Target 4: Scope of the Report to be extended to include the largest 50 private companies in the UK by sales

Another aim of the Report is to encourage progress across a wider spectrum of businesses by including the largest 50 private companies in the UK by sales within the scope of the 2025 targets.

Any future audit and corporate governance reform package that aims to encourage corporate gender diversity would, according to the conclusions drawn in the Report, benefit from extending the 2025 targets and conducting a review into the private sector. This would, in turn, help to bring diversity expectations of private companies in line with FTSE companies.

Do voluntary targets go far enough?

The statistics included in the Report indicate that the UK’s current disclosure regulatory framework is not yet effective in encouraging equal representation of women on company boards. The Report suggests that this may be because existing targets do not apply to all companies, and no explicit requirements or deadlines have been set. This is something that the UK’s Financial Conduct Authority (the “FCA”) is looking to change. In April 2022, the FCA introduced a series of amendments to the Listing Rules and the Disclosure Guidance and Transparency Rules to improve transparency for investors as to the diversity of the boards and executive management teams of listed companies. Listed companies will be required to report against targets on board diversity, along with data on the gender and ethnic breakdown of the company’s board and senior executive management. The comply or explain targets suggest at least 40 percent of the board should be women, including one in a senior board position, and for one board member to be from an ethnic minority background. For more information on the amendments, please see “FCA takes steps to enhance board diversity.”

A different approach has been taken in the European Union. In March 2020, the EU adopted its Gender Equality Strategy 2020-2025 (the “2025 Strategy”), a framework formally endorsed by the European Commission, which aims to advance gender equality. The 2022 report on gender equality in the EU stated that:

  1. In 2021, women made up approximately 30 percent of board members across the largest publicly-listed EU companies (although this figure represents an all-time high, the annual percentage increase is the lowest value since 2010); and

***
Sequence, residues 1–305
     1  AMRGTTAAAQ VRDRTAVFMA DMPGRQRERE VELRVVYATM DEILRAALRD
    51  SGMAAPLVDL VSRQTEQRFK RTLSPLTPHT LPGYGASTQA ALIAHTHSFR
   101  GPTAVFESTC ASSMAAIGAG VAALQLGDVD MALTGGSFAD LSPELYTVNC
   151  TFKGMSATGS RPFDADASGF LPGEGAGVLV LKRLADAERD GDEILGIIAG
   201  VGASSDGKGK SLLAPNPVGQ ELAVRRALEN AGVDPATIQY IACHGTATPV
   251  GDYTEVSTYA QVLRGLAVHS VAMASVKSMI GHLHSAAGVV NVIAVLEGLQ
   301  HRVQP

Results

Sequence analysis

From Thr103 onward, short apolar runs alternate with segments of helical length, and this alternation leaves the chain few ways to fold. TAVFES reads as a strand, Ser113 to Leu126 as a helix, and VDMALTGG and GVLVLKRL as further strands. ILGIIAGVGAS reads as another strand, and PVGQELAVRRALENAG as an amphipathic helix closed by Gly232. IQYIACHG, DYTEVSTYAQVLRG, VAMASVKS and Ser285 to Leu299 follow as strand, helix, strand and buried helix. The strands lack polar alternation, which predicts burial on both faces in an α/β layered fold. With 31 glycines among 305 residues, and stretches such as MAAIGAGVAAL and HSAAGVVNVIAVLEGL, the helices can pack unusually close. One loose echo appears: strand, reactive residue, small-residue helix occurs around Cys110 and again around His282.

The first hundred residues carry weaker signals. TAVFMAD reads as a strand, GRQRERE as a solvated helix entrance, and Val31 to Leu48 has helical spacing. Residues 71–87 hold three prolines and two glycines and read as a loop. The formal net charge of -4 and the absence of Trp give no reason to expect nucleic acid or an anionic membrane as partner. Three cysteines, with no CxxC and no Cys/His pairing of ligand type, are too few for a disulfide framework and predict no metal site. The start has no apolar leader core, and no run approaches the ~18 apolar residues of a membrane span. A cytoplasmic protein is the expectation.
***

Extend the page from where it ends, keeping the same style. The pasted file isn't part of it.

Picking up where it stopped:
2. France was the only member state in which the largest listed companies had representation of women at board level of at least 40 percent, with Italy and the Netherlands at approximately 38 percent. In recognition of this, certain European countries (including Germany, France, Belgium, Portugal, Austria, Italy, Greece and the Netherlands) have introduced legislation mandating minimum female representation quotas of between 25 percent and 40 percent.

While the UK has not gone so far as to introduce quotas, which, despite international popularity, can be controversial and many believe to be counter-productive, the Report notes that more needs to be done to promote gender balance. The Report concludes that that increased investor pressure may be key to encouraging companies to focus on diversity. Investors increasingly expect companies to develop, support and maintain diverse board and leadership teams. The Investment Association’s Public Register, which tracks shareholder dissent at listed companies, recorded that, in 2021, eight FTSE 350 companies received significant shareholder votes against director re-elections due to a lack of diversity on board and leadership teams. In February 2022, the Institutional Voting Information Service, which publishes independent information on listed companies prior to corporate annual general meeting season, announced that it will issue its highest warning (a “red top” warning) to FTSE 350 companies where women do not represent 33 percent of the board and 28 percent of the executive committee. In addition, certain other industry players are taking steps to accelerate reform. For example, in 2020, Goldman Sachs published its board diversity initiative , stating that it would only take a company public in Western Europe or in the United States if it had at least one diverse board member. In 2021, the policy was updated to require two diverse board members, one of which must be a woman.